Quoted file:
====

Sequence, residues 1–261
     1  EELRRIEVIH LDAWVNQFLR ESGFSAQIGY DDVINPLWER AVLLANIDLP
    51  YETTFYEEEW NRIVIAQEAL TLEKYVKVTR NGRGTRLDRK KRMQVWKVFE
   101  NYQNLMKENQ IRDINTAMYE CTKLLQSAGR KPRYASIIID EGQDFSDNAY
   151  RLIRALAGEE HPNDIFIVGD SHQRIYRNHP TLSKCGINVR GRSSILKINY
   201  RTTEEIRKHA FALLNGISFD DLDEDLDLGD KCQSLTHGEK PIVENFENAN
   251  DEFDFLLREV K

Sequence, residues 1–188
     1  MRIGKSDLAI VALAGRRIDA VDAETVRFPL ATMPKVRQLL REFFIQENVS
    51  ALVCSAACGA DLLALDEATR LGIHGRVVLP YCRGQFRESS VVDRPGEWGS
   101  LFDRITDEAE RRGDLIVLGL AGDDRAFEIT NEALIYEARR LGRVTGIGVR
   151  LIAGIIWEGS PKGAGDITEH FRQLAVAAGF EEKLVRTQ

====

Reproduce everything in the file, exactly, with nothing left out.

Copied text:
Sequence, residues 1–261
     1  EELRRIEVIH LDAWVNQFLR ESGFSAQIGY DDVINPLWER AVLLANIDLP
    51  YETTFYEEEW NRIVIAQEAL TLEKYVKVTR NGRGTRLDRK KRMQVWKVFE
   101  NYQNLMKENQ IRDINTAMYE CTKLLQSAGR KPRYASIIID EGQDFSDNAY
   151  RLIRALAGEE HPNDIFIVGD SHQRIYRNHP TLSKCGINVR GRSSILKINY
   201  RTTEEIRKHA FALLNGISFD DLDEDLDLGD KCQSLTHGEK PIVENFENAN
   251  DEFDFLLREV K

Sequence, residues 1–188
     1  MRIGKSDLAI VALAGRRIDA VDAETVRFPL ATMPKVRQLL REFFIQENVS
    51  ALVCSAACGA DLLALDEATR LGIHGRVVLP YCRGQFRESS VVDRPGEWGS
   101  LFDRITDEAE RRGDLIVLGL AGDDRAFEIT NEALIYEARR LGRVTGIGVR
   151  LIAGIIWEGS PKGAGDITEH FRQLAVAAGF EEKLVRTQ